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ABRAHAM LINCOLN, the sixteenth President of the United States, and the skilful ruler under whose wise administration the country in its hour of peril has been enabled to combat successfully with the traitors who have attempted its destruction, was born on the twelfth of February, 1809, in that part of Hardin county, Kentucky, which is now known as Larue. His father, Thomas Lincoln, and his grandfather, Abraham, were born in Rockingham county, Virginia, a section of the "Old Dominion" to which their ancestors had migrated from Berks county, Pennsylvania. In the year 1780, the grandfather removed his family to Kentucky, where, taking possession of a small tract of land in the wilderness, he erected a rude cabin, and proceeded to make his new home comfortable and productive. His daily labors were attended in their prosecution with great personal danger. There was no other resident within two or three miles, and the country was infested with Indians, who allowed no opportunity to pass to slaughter the white settlers. His gun was carried


as regularly to his work as was his axe or any other implement necessary to the successful clearing of the land, and at night when he retired to the bosom of his little flock, the faithful weapon was placed in a convenient corner, where it could be quickly grasped in the event of an attack from the wily enemy.

Individuals and whole families living in the vicinity were murdered by the Indians, but Abraham Lincoln for four years escaped their bloodthirsty characteristics; but at the end of that period, while clearing a piece of land about four miles from home, he was suddenly attacked, and killed, and his scalped remains were found the next morning. The loss was a severe one to the widow, who now found herself alone in the wilderness with her three sons and two daughters, and with but little money with which to provide even the necessities of life for the young members of her household. Poverty made it necessary that the family should separate; and all the children but Thomas bade adieu to their remaining parent, and left the county, the second son removing to Indiana, and the others to other sections of Kentucky.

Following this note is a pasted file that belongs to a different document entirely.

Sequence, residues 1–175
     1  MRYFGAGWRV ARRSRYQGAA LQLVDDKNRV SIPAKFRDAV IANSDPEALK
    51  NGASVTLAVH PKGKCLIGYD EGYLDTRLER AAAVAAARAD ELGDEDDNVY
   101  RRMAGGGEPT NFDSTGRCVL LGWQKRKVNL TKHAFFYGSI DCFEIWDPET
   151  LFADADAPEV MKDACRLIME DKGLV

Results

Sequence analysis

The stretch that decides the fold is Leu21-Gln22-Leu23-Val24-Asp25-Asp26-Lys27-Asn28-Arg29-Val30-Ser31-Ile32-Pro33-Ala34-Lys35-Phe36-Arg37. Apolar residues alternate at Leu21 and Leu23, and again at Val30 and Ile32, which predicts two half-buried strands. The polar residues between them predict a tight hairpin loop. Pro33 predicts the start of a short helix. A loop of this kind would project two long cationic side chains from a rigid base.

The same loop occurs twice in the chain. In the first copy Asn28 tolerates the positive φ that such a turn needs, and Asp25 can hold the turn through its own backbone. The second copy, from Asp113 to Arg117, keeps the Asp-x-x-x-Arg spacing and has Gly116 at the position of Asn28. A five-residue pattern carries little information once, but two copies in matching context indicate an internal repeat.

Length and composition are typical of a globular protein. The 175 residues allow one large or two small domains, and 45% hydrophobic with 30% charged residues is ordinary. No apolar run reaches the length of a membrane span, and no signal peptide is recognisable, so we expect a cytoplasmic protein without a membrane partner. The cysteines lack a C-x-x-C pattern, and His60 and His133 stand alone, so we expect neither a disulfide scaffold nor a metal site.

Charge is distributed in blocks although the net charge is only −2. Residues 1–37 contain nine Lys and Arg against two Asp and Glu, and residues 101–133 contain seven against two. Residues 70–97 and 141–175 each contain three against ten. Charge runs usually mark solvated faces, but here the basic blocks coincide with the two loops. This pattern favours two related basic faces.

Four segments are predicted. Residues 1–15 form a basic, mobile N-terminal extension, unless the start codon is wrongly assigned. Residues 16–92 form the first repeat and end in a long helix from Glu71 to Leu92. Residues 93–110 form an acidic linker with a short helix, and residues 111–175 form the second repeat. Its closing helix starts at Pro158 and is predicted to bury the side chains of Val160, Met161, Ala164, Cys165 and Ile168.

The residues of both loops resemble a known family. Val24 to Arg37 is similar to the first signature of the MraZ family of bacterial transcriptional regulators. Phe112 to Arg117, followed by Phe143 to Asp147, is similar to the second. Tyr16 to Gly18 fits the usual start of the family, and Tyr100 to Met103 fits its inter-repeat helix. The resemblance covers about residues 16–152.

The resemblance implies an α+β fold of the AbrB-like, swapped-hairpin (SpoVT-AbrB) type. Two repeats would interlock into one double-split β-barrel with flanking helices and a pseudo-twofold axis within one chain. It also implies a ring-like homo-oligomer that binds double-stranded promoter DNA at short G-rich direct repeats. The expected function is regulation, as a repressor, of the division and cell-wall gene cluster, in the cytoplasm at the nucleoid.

Thomas also left home before he was twelve years old, but subsequently returned to Kentucky, and in the year 1806, married Miss Nancy Hanks, who was also a native of Virginia; so that it will be observed nearly all of the immediate ancestors of the President were born upon Southern soil. Thomas Lincoln and his wife were a plain, unassuming couple, conscientious members of the Baptist Church, and almost entirely uneducated. Mrs. Lincoln could read, but not write, while her husband could do neither, save so far as to scribble his own name in a style of caligraphy which a few of his more intimate friends could decipher. He, however, appreciated the advan

tages of education, and honored and respected the superior learning of others. His kindness of heart was proverbial, and he was always industrious and persevering. His wife, although uneducated, was blessed with much natural talent, excellent judgment, and good sense, and these qualifications, with her great piety, made her a suitable partner for a man of Thomas Lincoln's attributes, and a mother whose precepts and teachings could not fail to be of vast benefit in the formation of her children's characters. This estimable couple had three children—a daughter, a son who had died in infancy, and Abraham. The sister attained the years of womanhood, and married, but subsequently died without issue.


When Abraham, or "Abe," as he was already called at home and by his companions, was seven years of age, his name was entered for the first time on the roll of an educational institution-an academy which had but little pretension in outward appearance, and the presiding genius of which had neither ambition nor ability to impart greater instruction than that which would enable his pupils to read and write. His term of schooling was, however, to be of short duration.